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Apparently I frown a lot

Apparently I frown a lot

Confession: I totally brush my hair and put on lip gloss when I have a Skype meeting.

It’s very rare that I have conference calls on Skype, but when I do, I find myself trying to curate the experience for the other participants. I love making sure the background is good and that my face is not in a shadow (for those who don’t ever do video conferences, know that it’s really annoying when someone’s background is super-bright and his face is a dark blob). I put on a little lip gloss and make sure to smile and act like I’m in a real-life conversation, no matter how alone in my office I may actually be.

Last week, I had a Skype call for one of my other gigs and opened my computer’s Photo Booth app to test the lighting and look of the room. I also wanted to avoid what I’d seen in previous conferences: someone having the computer’s camera facing either directly at her chest or up on the ceiling!  Once I adjusted the lighting, put some gloss on my lips, and brushed my hair for the first time all day, I figured I was good to go.  I navigated to another program and accidentally left Photo Booth open.

Imagine my surprise when I minimized my internet browser window and saw this hunched, frowning woman staring at me.  Ack! It was me, or my reflection, staring back at me, thanks to my computer’s camera.  I’ve written before about my posture, so it was no surprise to me to see that, when caught unawares, my posture was less than exemplary. Oops.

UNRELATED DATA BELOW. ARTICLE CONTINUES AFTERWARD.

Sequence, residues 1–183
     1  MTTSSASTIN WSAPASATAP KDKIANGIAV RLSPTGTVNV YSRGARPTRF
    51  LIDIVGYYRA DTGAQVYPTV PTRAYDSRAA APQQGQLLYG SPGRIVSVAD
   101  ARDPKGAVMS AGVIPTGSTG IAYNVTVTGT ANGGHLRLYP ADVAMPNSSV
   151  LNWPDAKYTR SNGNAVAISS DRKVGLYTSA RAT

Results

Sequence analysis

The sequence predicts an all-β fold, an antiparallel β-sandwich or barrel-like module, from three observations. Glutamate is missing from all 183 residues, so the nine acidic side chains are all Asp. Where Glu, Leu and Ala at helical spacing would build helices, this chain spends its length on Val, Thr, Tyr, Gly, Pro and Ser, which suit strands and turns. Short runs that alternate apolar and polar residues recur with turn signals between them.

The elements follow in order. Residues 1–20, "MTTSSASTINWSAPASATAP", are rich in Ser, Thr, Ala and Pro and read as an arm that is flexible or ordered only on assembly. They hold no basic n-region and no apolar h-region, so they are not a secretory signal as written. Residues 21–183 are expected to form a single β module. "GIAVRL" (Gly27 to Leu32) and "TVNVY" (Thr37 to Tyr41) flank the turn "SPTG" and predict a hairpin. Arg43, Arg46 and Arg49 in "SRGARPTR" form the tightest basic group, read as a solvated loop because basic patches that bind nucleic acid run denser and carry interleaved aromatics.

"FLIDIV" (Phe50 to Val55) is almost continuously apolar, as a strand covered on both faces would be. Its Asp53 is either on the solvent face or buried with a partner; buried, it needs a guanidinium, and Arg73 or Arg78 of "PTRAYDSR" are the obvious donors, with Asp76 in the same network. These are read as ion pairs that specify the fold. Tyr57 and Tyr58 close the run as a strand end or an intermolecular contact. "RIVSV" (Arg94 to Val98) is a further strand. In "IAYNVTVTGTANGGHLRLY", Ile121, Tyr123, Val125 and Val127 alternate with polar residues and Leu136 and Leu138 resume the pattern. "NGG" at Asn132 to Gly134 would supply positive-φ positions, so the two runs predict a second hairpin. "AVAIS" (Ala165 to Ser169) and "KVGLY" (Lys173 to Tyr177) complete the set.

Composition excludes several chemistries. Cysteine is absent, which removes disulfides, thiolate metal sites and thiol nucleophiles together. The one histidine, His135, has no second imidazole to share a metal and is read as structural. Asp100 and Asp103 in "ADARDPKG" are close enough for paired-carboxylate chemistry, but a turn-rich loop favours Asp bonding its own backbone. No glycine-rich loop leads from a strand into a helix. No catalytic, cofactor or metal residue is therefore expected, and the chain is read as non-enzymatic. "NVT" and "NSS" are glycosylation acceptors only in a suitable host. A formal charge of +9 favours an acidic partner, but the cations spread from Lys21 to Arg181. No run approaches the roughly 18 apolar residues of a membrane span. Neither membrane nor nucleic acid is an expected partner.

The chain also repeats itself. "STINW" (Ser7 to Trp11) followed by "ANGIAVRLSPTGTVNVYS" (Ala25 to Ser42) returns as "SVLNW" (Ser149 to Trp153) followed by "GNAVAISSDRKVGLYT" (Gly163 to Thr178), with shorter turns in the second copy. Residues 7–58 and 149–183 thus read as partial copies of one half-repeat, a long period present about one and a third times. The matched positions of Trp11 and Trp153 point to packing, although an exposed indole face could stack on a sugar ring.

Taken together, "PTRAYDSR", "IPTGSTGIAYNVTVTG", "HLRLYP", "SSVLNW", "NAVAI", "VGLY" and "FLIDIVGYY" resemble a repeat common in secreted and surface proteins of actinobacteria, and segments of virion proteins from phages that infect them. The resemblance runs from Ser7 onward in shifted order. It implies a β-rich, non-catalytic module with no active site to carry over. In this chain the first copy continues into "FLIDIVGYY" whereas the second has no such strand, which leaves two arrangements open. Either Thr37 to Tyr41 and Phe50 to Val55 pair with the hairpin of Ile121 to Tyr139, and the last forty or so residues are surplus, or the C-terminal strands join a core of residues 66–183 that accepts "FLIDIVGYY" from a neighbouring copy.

What I hadn’t expected to see was this frowning, frumpy face.  My brow was totally furrowed, and deep lines appeared on my forehead.  I didn’t feel angry or frustrated or even particularly contemplative, so what was with the fierce frown?

Since catching myself last week, I have tried to be more aware of what my facial expressions look like. What does it feel like to be frowning? I didn’t have a mirror to put up at my desk, but I do have a poster in a frame that reflects my image back at me.  I’m someone who doesn’t ever look at the keyboard while typing; instead, my eyes wander the room as I think and write.  Sometimes my eyes wander directly to my own image, reflected in this poster frame. And boom! bam! zam! There is the frowning girl again.

Honestly, I had no idea that I frowned so much. I’d like to think it’s a sign of my being a deep thinker, someone who’s concentrating really hard on the complexities of life.  That’s a flattering perspective, for sure—sadly, it’s not true.  I have caught myself frowning while writing personal essays just as much as I’ve caught myself frowning while wasting my time looking at my friend’s sister’s husband’s best friend’s vacation photos on Facebook.